Final Art History Romantic

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Final Art History Romantic
2013-04-21 09:54:02
Romanticism Goya Realisim Delacroix

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  1. Romanticism
    • was an artistic, literary, and intellectual movement that originated in
    • Europe toward the end of the 18th century and in most areas was at its
    • peak in the approximate period from 1800 to 1850. Partly a reaction to
    • the Industrial Revolution,[1] it was also a revolt against aristocratic social and political norms of the Age of Enlightenment and a reaction against the scientific rationalization of nature
  2. sublime
    • iterary sublime as "excellence in language", the "expression of a great
    • spirit" and the power to provoke "ecstasy" in one's readers.
  3. Vigée-Lebrun, Self-Portrait 1790
    • Kaufmann, Cornelia Presenting Her
    • Children as Her Treasures (Mother of the Gracchi) c. 1785
  4. David, Oath of the Horatii, 1784
    • David, Coronation of Napoleon,
    • 1805-1808
    • Goya, The Sleep of Reason Produces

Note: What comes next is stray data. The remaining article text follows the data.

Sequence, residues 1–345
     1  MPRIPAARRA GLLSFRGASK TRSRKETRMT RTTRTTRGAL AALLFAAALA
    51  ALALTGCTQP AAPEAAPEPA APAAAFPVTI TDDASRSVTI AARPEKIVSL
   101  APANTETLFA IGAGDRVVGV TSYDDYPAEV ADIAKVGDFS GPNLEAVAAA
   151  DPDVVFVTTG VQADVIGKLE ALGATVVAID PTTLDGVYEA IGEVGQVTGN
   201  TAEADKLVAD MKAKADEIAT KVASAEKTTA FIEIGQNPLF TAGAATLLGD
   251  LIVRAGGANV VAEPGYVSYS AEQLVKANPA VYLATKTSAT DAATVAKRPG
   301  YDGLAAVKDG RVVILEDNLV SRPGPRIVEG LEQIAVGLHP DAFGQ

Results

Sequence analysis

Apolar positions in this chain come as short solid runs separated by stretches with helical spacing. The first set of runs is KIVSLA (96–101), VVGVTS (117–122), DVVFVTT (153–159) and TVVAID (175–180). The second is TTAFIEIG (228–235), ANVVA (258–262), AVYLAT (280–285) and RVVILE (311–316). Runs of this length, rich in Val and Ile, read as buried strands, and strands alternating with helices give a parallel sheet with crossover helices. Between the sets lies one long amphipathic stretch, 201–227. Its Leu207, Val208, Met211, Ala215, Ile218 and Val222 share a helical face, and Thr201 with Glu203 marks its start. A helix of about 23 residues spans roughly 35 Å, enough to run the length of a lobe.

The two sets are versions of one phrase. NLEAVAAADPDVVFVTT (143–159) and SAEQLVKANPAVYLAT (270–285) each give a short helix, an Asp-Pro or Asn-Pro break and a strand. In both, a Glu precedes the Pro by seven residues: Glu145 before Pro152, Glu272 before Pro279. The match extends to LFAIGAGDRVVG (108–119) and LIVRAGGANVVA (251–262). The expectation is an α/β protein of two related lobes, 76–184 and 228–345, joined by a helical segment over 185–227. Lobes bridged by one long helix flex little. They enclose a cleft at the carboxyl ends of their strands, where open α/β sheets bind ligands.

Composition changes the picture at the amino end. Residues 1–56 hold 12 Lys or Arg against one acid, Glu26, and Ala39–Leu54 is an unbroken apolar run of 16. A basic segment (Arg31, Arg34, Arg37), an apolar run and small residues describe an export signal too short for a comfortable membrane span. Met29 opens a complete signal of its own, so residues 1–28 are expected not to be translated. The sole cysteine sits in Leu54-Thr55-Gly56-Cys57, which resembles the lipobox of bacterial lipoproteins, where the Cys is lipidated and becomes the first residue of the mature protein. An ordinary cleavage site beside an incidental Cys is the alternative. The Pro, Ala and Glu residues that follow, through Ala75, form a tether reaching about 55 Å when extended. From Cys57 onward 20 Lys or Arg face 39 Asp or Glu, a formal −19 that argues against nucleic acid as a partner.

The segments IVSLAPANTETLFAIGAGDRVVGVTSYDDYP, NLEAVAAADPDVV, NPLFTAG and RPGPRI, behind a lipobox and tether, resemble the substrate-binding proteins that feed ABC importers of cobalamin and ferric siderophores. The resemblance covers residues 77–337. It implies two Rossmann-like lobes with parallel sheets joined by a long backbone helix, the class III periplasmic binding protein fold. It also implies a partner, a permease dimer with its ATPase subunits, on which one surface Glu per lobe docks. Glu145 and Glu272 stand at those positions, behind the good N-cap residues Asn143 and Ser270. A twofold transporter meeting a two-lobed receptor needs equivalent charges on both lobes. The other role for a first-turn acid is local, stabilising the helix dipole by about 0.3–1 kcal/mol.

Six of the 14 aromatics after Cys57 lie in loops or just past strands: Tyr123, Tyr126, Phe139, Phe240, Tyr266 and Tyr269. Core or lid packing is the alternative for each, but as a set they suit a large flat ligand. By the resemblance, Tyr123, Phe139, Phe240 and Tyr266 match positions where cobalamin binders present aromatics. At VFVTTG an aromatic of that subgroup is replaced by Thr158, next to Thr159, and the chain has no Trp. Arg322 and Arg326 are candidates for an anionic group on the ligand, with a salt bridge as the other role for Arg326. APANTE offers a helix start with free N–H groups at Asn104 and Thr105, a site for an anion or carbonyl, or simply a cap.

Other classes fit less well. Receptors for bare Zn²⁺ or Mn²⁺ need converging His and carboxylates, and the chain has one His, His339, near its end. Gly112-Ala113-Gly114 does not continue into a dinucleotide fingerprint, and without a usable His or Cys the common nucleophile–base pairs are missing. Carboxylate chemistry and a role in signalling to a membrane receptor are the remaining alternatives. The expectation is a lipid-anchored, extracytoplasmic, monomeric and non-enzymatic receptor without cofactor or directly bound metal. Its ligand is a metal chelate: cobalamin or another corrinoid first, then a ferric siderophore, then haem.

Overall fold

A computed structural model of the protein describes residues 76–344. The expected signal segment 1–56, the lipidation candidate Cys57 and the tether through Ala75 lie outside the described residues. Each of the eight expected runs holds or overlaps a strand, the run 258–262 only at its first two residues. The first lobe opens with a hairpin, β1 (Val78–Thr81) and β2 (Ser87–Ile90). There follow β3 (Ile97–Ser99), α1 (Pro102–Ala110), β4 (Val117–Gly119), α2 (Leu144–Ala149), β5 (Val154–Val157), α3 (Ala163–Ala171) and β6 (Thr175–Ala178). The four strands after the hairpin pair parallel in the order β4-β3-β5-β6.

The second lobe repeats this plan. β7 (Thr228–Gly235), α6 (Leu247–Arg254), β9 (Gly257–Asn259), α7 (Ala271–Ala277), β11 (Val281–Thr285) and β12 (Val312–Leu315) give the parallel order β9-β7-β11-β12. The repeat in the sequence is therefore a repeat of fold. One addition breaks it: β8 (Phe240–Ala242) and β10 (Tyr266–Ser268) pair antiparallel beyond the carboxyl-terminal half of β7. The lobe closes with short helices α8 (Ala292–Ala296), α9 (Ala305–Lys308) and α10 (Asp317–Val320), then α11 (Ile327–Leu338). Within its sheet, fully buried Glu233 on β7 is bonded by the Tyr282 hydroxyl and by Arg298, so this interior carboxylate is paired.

• Monsters c. 1799
  5. Goya, The Third of May 1808, 1814
  6. Gericault, Raft of the Medusa 1818-19
    • Turner, The Slave Ship (Slavers
    • Throwing Overboard the Dead and Dying, Typhoon Coming On) 1840
  7. Delacroix, Death of Sardanapalus 1827
  8. Delacroix, Liberty Leading the People 1830
  9. Courbet, The Stone Breakers 1849
  10. Millet, Gleaners 1857
  11. Bonheur, The Horse Fair 1853-55
  12. Manet, Le Déjeuner sur l’herbe (Luncheon on the Grass) 1863
  13. Manet, Olympia 1863
  14. Ingres, Grande Odalisque 1814
  15. Daguerre, Still Life in Studio 1837
  16. Nadar, Eugène Delacroix c. 1855
    • O’Sullivan, A Harvest of Death, Gettysburg Pennsylvania,
    • July 1863
  17. Lewis, Forever Free 1867
  18. Realism
    • Realism in the arts
    • may be generally defined as the attempt to represent subject matter
    • truthfully, without artificiality, and avoiding artistic conventions,
    • implausible, exotic and supernatural elements.
  19. modern, modernity, modernism
    Being at this time; now existing
  20. Photography
    s the art, science, and practice of creating durable images by recording light or other electromagnetic radiation, either chemically by means of a light-sensitive material such as photographic film, or electronically by means of an image sensor.
  21. Daguerreotype
    was the first commercially successful photographic process, invented around 1837 by Louis-Jacques-Mandé Daguerre. The physical daguerreotype itself is a direct positive made in the camera on a silvered copper plate.
  22. Salon, Salon des Refusés
    French for “exhibition of rejects” (French pronunciation: [salɔ̃ de ʁəfyze]), is generally an exhibition of works rejected by the jury of the official Paris Salon, but the term is most famously used to refer to the Salon des Refusés of 1863.